Otter Lodge Blog:

sourdoug crisis 016









One of my favourite bits about everyday life at Otter Lodge is the time I get to spend making bread. This might not be surprising considering I was a professional baker for many years; the difference now is that I can make bread that is more interesting and might be considered better than some of the commercial muck that was produced during my time in the baking industry. It’s very pleasant to be baking a batch of bread in the evening and having the smell attract the attention of some of our guests. This gives me a chance to chat and enthuse about the bread I am making, which is mostly sour dough just now. I’ve developed an interest in this kind of bread in the last five years and I find the slow, gentle process very appealing. We are lucky to have many guests from Germany and the Low Countries, where this kind of bread is appreciated; it gives me a chance to indulge my passion.

Bread 152At the heart of every good sourdough is the starter. In Germany it is called a ‘chef’; I call it leaven but there is no proper English word to describe this collection of natural yeasts and one or more strains of bacteria. This can vary from one bakery to another as the environment that it is started and stored in can change the composition. Due to this, some bakeries are very protective of their leaven and store it in a special locked fridge. Mine does not get such special treatment but I have had it for over five years. It lives in the fridge, gets fed now and then and brought out on the occasion of bread making. There is always some kept back for the next time. It’s like my pet. Normally in the winter bread making is a bit more infrequent and the leaven sits in our fridge out of action for some time; but this is resilient stuff, and a couple of feeds of flour and water and it’s frothing out the jar ready for action.

Bread 122

Early this year I took it out of temporary hibernation thinking that it was time for making some bread, fed it and … nothing happened. No bubbles. No signs of life at all. This was not good. Had another go; gave it its favourite food, organic rye flour, and left it on the boiler over night. In the morning had a look; was that possibly a very small sign of life, but just? The patient looked like it was in a coma. All very strange.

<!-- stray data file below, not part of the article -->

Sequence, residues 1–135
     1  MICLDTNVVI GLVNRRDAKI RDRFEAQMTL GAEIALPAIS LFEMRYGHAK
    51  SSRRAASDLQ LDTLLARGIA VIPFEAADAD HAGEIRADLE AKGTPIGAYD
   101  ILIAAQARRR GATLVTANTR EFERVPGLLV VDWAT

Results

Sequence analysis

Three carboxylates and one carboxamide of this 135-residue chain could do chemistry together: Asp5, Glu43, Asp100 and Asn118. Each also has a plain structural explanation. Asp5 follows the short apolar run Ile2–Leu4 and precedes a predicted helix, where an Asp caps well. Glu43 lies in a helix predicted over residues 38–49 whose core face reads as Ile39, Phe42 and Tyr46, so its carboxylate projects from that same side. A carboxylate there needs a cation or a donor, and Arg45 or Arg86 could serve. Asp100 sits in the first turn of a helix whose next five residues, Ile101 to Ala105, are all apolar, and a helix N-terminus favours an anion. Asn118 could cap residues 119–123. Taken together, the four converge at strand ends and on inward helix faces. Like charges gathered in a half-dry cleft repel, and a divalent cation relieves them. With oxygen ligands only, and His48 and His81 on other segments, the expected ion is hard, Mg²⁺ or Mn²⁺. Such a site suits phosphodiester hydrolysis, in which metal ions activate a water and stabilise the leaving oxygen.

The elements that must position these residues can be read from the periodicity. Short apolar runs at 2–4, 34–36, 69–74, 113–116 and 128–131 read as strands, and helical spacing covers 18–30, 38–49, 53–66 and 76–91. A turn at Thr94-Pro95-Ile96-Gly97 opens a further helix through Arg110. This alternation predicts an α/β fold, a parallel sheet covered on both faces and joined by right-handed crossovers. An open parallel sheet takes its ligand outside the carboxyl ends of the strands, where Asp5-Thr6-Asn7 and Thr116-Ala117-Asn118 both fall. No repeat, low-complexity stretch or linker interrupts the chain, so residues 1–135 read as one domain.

I gave it another six hours and things weren’t looking much better. I couldn’t understand what was going on. Maybe the flour had been contaminated, I thought, so I headed out and got a brand new bag and my very small jar of emergency leaven that lives right at the back of the fridge, measured out a very small amount, fed it and … nothing. I was feeling sad – it looked dead, but how? Before, I have gone for over six months without feeding and it was OK. Not time to panic; it is possible to start again but it takes about a year to get a very active leaven going. My little jar in the fridge still had a scraping left so I had one more chance before I gave up and started anew. So, out for another new bag of flour and a bottle of spring water, this was the only thing left to try, and … it worked. It was the water that had been killing it. There is work going on with our local water supply and they must of added extra chlorine during this time. A couple of feeds with bottled water and rye flour and it was back to normal; bread making was possible once again. Phew. So the next time you come calling there might just be sourdough on the breakfast table.

Martin  Bread 164